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Apple designers Ive, Newson talk Apple Watch at Conde Nast International Luxury Conference

Apple designers Jony Ive and Marc Newson helped inaugurate the first annual Conde Nast International Luxury Conference on Wednesday, speaking with Vogue editor Suzy Menkes about the Apple Watch and their work philosophies.

The Watch is the first Apple product designed explicitly for the luxury market, and when asked to define the company's approach to luxury, Ive commented that Apple doesn't "look at the world through predetermined market opportunities," according to Vogue. Instead, the designer said he tries to invest care in developing products.

"It's not so much about things being touched personally —there are many ways to craft something," Ive said. "It's easy to assume that just because you make something in small volumes, not using many tools, that there is integrity and care —that is a false assumption."

Newson also defended the company's design and mass manufacturing process, comparing its machines to a craftsman's tools. "We all use something —you can't drill holes with your fingers," he remarked.

On comparing Apple's version of luxury with the old, Ive insisted that Apple doesn't think in those terms, but instead focuses only on creating a useful product.

"When we started on the iPhone it was because we all couldn't bear our phones. The watch was different," he said. "We all loved our watches, but saw that the wrist was a fabulous place for technology, so there were different motivations. I don't know how we can compare the old watches we know, with the functionality and the capability of the Apple Watch."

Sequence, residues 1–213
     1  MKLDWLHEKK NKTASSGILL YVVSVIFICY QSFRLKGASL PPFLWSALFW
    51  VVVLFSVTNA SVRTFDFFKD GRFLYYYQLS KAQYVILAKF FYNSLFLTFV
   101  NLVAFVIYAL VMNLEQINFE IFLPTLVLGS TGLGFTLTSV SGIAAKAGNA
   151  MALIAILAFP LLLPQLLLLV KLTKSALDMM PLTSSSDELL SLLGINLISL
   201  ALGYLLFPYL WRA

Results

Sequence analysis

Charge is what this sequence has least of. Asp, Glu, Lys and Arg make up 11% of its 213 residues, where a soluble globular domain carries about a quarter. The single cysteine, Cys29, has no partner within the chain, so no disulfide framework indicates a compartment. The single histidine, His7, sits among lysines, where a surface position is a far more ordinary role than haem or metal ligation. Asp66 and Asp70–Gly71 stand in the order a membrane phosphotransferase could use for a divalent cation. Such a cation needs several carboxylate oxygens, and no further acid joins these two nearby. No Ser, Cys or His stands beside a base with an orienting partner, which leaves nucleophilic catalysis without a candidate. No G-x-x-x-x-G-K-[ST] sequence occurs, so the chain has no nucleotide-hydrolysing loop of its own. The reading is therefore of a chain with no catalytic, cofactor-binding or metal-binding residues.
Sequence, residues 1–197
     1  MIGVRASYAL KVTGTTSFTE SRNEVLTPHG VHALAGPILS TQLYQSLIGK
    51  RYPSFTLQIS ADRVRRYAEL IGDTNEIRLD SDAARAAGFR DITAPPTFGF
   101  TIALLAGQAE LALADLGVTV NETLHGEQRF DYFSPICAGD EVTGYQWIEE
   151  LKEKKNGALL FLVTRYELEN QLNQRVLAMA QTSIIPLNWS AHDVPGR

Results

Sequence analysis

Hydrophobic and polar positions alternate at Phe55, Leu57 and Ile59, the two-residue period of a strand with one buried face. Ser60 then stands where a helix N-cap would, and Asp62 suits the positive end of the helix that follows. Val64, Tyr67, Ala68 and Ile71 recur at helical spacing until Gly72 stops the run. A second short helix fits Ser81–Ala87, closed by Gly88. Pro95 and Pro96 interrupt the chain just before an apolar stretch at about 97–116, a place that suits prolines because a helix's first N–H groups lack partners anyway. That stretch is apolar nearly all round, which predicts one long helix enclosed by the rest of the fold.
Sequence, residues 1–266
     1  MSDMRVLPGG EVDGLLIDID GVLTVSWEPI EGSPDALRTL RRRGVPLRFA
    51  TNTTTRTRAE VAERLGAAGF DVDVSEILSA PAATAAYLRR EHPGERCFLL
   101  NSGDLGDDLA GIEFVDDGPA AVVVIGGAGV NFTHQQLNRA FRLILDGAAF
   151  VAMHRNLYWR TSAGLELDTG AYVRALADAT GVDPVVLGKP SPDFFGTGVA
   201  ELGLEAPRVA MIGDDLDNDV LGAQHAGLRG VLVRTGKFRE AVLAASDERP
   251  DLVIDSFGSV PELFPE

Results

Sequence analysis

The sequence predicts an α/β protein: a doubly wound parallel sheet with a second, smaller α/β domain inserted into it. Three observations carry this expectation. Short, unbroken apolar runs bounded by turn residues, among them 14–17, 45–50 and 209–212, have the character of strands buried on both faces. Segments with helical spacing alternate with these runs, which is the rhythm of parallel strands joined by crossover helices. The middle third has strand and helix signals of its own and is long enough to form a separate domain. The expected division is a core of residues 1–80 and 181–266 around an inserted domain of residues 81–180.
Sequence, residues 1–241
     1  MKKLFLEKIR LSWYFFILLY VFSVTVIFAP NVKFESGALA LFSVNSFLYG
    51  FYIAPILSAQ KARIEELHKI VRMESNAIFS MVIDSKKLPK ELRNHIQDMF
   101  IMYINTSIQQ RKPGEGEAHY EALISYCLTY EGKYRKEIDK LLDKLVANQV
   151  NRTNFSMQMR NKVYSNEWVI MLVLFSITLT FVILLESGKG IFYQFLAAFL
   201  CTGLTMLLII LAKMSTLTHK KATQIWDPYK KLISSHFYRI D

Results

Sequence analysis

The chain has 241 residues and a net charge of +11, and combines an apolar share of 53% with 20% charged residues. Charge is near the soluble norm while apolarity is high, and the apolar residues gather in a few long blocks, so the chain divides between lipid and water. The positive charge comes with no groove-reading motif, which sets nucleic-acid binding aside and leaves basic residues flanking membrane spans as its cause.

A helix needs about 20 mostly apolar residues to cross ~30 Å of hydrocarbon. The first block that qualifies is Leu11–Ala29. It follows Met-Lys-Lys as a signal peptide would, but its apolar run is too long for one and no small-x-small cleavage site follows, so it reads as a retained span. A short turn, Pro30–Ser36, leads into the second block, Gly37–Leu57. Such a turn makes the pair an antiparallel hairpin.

Ive further observed that through the iPhone, Apple learned that there are "fundamental things" people use all of the time, but for different reasons. The Watch is the first product Apple can assume is "intimiately connected" with a person most of the day, opening up new avenues of communication.

Newson attemted to bolster his and Ive's credentials by bringing up their backgrounds in silversmithing. "We're not just designing in our heads and then on a computer. We both have the ability to understand certain materials; we come from a standpoint of being taught manually," he said.

Asked if traditional luxury companies should be worried about Apple and the Watch, Ive lastly claimed that since the 1970s Apple has been working to make technology "relevant and personal," and that he's not sure of the potential consequences.

"Sadly so much of our manufactured environment testifies to carelessness —something that was built to a price point or a schedule. The products that we have developed describe who made them. I hope that people will like the watch and find it a beautiful item," he concluded.

The Watch ships on April 24. Apple has been using interviews with executives as one of its main marketing tools, alongside things like magazine spreads and celebrity product placements.